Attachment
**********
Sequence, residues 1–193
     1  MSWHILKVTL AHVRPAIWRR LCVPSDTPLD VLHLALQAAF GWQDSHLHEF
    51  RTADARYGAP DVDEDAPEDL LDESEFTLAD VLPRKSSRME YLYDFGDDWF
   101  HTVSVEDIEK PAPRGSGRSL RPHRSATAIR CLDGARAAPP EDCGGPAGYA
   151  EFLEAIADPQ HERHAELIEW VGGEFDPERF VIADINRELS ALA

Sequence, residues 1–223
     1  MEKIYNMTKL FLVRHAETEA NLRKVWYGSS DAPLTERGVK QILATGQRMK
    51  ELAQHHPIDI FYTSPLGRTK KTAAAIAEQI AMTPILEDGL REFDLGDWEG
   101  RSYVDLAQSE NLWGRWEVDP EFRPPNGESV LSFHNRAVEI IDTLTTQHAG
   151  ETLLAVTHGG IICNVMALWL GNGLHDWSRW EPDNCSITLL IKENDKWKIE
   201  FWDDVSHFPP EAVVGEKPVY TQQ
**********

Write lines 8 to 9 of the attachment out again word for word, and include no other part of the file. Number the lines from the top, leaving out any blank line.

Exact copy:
    51  ELAQHHPIDI FYTSPLGRTK KTAAAIAEQI AMTPILEDGL REFDLGDWEG
   101  RSYVDLAQSE NLWGRWEVDP EFRPPNGESV LSFHNRAVEI IDTLTTQHAG